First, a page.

Photographing Cities at Night

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Cities offer a wealth of amazing photo opportunities, and at night they really come alive. With all the amazing architecture, street scenes, and lights aglow, it’s as if this was all done with photographers in mind. Although sunsets can be amazing in a city—especially if you have a great view of the skyline—once blue hour hits and then darkness descends it’s prime time for some amazing photography.

By the way, all of these photos in this article were edited using the Luminar Photo Editor, which gives users incredible control over contrast, saturation, exposure, color balance, and much more. I’ve been having fun testing it’s new features.

Here are some ideas to help you capture beautiful cityscapes at night:

Lines

There are so many lines in a city that it can be overwhelming to find ones that your eye really wants to follow. Traffic lines work great as do natural bends in a street or pathway, chain links, fences, and walls. Even overhead power lines for trolley cars could work, or the train tracks they move on. Once you start looking for lines, you will see them everywhere.

In this photo from Fan Pier in Boston, Luminar was used to increase the colors, make some color shifts to enhance the mood, and slightly brighten the foreground.

boston

Boston — Before

boston edited

Boston — After

Light Trails

Just about everyone has shot light trails at some point, and for good reason—it’s one of the simple joys of photography. Allowing passing traffic to blur out, leaving just the headlights and taillights visible, is a fun shot to do and adds a bit of interest to a photo. Find a good spot, set up and then begin your exposure just as a vehicle is about to enter the frame. Depending on the light, this could be 3 to 5 seconds or longer—even over 10 seconds. Sometimes you may go as long as 30 seconds. Just experiment with it until you find what works best.

This photo from London was adjusted in Luminar, with edits made to increase the exposure, balance the light, and make minor color adjustments.

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London — Before

light trails london city photography

London — After

Neon Signs and Building Lights

Neon signs can be fun to photograph, and at night with a dark sky they really sparkle. Lacking that, you can always find building lights that illuminate the scene and add a little glow to the shot.

In this photo from the Temple Bar in Dublin, Luminar was used to adjust the color balance, change the temperature and tint slightly, increase contrast with the curves tool, and make some minor lighting adjustments.

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Temple Bar — Before

dublin night photography

Temple Bar — After

Street Scenes

Streets shot at night are just compelling subjects. You expect them to be full of people, so if you can find them partially empty then they become even more interesting. Especially in Europe, where the streets are often made of cobblestone, you can find some really beautiful subjects.

In this street photo from Dublin, Luminar was used to change the color balance and color temperature, some cross processing was gently applied along with some lighting changes, and a little bit of soft glow.

editing nightscapes

Dublin Street — Before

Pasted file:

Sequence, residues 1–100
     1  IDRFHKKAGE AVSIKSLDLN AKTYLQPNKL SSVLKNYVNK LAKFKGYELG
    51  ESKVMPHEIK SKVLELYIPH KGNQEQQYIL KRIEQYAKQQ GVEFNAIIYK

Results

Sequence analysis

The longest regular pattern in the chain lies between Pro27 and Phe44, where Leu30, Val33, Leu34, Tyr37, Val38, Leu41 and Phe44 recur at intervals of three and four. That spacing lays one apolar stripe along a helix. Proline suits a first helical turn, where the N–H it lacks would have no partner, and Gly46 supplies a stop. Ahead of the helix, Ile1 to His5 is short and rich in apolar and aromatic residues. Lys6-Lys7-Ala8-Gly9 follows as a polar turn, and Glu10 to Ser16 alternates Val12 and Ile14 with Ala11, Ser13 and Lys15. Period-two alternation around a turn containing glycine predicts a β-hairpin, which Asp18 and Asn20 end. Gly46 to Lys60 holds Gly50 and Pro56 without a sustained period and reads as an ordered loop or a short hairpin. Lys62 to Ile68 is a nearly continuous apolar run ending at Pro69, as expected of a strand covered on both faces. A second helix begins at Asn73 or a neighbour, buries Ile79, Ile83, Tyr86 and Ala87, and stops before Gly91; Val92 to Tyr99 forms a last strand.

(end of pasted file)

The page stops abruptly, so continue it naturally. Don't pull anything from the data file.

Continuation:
dublin night photography

Dublin Street — After

Skylines

Shooting skylines can be an incredibly rewarding experience, whether it’s from an elevated viewpoint or ground level. If you can get to a rooftop observation deck, be sure and arrive early to claim a good spot. If shooting from ground level, consider finding something in the foreground to anchor your shot and fill up some of the empty space there.

In this photo from Bratislava, shot from a rooftop overlooking the city, Luminar was used to adjust color balance, temperature and tint, saturation and luminance levels, and some tonal adjustments.

rooftop photography

Bratislava — Before

how to edit night photography

Bratislava — After

Cities are spectacular photographic playgrounds, and at night they really come to life. Your choice of subject matter is extensive, and adding in the glow of the city lights can make your photos sparkle. Give these ideas a test run and capture some amazing cityscapes!

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6 responses to “Photographing Cities at Night”

  1. Honest H says:

    In most all of them. I liked the before

  2. Neil says:

    Hmmm…I’m in agreement with that: seems to be a pink cast over the ‘afters’

  3. robert says:

    The London one particularly was much nicer before it became over saturated but agree totally with above, especially the Dublin one which had a neutral feel with some warmth from the lights, which while got a bit of soft glow in the after totally killed the WB. Bratislava crushed the blacks

  4. Wally Schrubkowski says:

    I’m glad to see that the other comments were similar to my thoughts. I, too, thought the original images looked the best. The London shot seemed particularly odd to me. Adding some light to the London picture was fine, but the color cast is particularly unpleasing to me. The blues and pinks were unnatural in the other images, in my opinion.

    I did like the compositions; had Mr. Jacobs tamed his enhancements, they would be fantastic.

  5. Ian says:

    I wouldn’t call those “minor” adjustments. A bit overboard in my opinion.

  6. HB says:

    Yay, the after pics are often worse than the before… :-/

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